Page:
Maker johnnyq90 was playing around with a ceramic bearing and compressed air to see how fast he could make it spin, when he discovered something pretty awesome. As the bearing approaches extreme speeds, some phenomenon causes it to glow.

Balloon vs. Liquid Nitrogen

Balloon vs. Liquid Nitrogen

The King of Random, Grant Thompson conducts a simple experiment to see what happens if you pour liquid nitrogen into a balloon, with an explosive result. We’re just surprised that he wasn’t wearing protective gloves to handle this ridiculously cold stuff.

Styrofoam vs. Acetone

Styrofoam vs. Acetone

A brief demonstration of what happens when you submerge a styrofoam cup in acetone. The solvent properties of the acetone dissolves the polystyrene and the cup vanishes into a pile of goo. One commenter pointed out this chilling reference from Who Framed Roger Rabbit?

Melting Pennies in the Sun

Melting Pennies in the Sun

A demonstration of just how intense the heat of the Sun can be when concentrated through a fresnel lens. It takes less than a minute to turn what was once a solid metal penny into a molten pile of goo. Also, we’ve just subscribed to Let’s Melt This.

Folding Paper More than 7 Times

Folding Paper More than 7 Times

(PG-13: Language) Folding paper in half exponentially increases its strength. At seven folds, it’s as thick as 128 sheets of paper. You can go beyond seven if you use a really long sheet, but Hydraulic Press Channel tried it with a small piece – with unexpected results.

NRK: Life on the Line

NRK: Life on the Line

Med livet som innsats (Life on the Line) is a Mythbusters-style Norwegian show where physicist Andreas Wahl entrusts his life to the laws of physics. So far he’s done a freefall, passed through fire and shot himself. May he make it past the first season.

Cooking Steak with Copper

Cooking Steak with Copper

We’re not sure of the health implications of eating steak cooked in molten copper, but it’s still cool to watch as this raw T-bone is cooked to within an inch of its life as YouTuber Tito4Re douses it with hot liquid metal. Cooking rice the same way doesn’t work quite as well.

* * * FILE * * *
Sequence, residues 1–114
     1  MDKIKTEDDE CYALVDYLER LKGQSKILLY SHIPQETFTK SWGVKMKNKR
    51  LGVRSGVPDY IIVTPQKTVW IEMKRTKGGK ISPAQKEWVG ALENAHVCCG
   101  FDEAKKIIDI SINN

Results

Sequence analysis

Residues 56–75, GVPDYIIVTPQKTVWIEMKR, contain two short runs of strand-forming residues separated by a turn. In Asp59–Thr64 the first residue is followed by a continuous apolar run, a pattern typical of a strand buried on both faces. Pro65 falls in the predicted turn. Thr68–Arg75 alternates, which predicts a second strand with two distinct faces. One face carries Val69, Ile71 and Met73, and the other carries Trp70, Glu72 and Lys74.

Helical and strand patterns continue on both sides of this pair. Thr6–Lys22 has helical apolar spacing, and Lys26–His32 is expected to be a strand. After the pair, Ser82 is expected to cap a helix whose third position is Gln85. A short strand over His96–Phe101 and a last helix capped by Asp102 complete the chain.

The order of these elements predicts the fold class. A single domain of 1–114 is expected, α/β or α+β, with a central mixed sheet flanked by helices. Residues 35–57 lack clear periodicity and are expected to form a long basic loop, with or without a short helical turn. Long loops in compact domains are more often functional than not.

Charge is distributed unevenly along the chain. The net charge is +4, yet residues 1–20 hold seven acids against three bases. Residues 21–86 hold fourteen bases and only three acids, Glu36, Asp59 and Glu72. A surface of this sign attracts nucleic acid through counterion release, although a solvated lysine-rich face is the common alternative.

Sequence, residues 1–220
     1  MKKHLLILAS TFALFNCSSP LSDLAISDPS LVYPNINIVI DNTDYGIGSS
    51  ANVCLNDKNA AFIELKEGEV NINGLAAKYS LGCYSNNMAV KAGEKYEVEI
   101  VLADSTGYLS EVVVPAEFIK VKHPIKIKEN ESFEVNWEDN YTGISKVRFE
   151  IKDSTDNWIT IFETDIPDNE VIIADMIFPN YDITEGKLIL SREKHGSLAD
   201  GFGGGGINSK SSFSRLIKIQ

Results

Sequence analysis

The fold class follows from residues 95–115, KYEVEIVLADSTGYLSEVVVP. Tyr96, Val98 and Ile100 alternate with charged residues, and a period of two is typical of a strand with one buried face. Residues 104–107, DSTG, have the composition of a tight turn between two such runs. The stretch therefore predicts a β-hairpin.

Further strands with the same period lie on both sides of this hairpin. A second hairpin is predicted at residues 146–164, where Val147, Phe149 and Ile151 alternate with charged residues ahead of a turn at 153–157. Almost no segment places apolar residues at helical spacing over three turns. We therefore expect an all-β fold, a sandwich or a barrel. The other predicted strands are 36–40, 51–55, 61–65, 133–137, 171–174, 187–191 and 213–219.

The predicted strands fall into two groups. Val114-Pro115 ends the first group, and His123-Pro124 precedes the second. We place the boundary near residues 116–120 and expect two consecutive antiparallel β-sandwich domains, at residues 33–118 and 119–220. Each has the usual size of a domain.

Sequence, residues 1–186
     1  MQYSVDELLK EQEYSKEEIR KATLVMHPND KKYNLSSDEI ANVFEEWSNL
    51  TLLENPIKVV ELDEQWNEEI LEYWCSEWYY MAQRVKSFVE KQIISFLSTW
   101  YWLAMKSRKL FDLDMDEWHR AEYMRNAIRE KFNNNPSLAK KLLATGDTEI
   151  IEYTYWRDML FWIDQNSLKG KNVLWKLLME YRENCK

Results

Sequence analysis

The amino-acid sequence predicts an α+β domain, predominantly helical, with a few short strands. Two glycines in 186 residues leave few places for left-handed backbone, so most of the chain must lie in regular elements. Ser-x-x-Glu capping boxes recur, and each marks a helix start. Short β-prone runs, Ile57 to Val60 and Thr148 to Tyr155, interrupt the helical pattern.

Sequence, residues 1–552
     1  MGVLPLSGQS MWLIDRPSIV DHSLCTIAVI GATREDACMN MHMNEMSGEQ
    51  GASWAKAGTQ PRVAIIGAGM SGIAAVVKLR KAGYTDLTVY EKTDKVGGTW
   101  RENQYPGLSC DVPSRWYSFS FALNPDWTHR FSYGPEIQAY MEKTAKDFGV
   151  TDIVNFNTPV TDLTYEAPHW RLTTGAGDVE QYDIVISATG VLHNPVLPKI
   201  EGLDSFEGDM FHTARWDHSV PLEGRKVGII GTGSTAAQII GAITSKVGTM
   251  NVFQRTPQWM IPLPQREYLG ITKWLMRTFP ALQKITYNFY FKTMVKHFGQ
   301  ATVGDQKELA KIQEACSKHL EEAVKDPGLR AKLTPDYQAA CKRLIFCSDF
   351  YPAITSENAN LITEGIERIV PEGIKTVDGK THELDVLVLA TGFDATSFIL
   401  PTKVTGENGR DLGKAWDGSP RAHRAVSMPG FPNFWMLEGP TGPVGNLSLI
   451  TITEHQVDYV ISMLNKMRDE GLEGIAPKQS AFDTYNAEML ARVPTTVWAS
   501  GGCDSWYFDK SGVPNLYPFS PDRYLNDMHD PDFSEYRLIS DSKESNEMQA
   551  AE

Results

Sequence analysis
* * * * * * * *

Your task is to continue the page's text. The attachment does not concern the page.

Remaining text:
Advertisement

Red Hot Ball vs. Tinsel

Red Hot Ball vs. Tinsel

YouTuber carsandwater dips a red hot nickel ball into flame-retardant tinsel, which immediately turns into The Ghost of Cancer Yet to Come. Also, can we all just pause and marvel at this ball’s staying power? Good for you ball. You deserve that cup of coco.

Molten Aluminum vs. Water Balls

Molten Aluminum vs. Water Balls

The Backyard Scientist has made a habit of pouring molten aluminum into things to see how it will interact with them. This time, he pours the hot metal into an aquarium filled with thousands of water-absorbent polymer beads. The resulting sculptures are totally awesome.

Red Hot Ball vs. Nokia 3310

Red Hot Ball vs. Nokia 3310

The red hot nickel ball encroaches into Will It Blend? territory. Can the literally hot new thing take on the legendary 3310 and its mythical indestructibility? Let’s just say this is like when Apollo Creed took on Ivan Drago.

Red Hot Ball vs. Floral Foam

Red Hot Ball vs. Floral Foam

You’d think that placing a searing hot sphere of metal on a block of foam would cause it to melt into a puddle of stinky goo. But what happens is pretty unexpected in the latest Red Hot Nickel Ball vs. Something video by CarsandWater.

Thermite vs. Hockey Puck

Thermite vs. Hockey Puck

We recently saw carsandwater’s failed attempt to destroy a hockey puck with his almighty red hot sphere. Now he’s brought out the big guns – engulfing the puck in thermite, which burns at 4000ºF. Will the mighty puck surrender?

Burning Some DVDs

Burning Some DVDs

There’s something oddly satisfying about watching this red hot nickel ball sear its way through a stack of DVDs. If only we had thought of this when AOL used to spam us with all those stupid compact discs.

ADVERTISEMENT

Use Arrow Keys ← → for Faster Navigation

Home | About | Suggest | Contact | Team | Links | Privacy | Disclosure
Advertise | Facebook | Twitter | Pinterest | Sites We Like

Awesome Stuff: The Awesomer | Gadgets, Games & Geeks: Technabob | Cool Cars: 95Octane
Site Design & Content © 2008-2020 Awesomer Media / The Awesomer™
Visit our Friends at: Not Always Right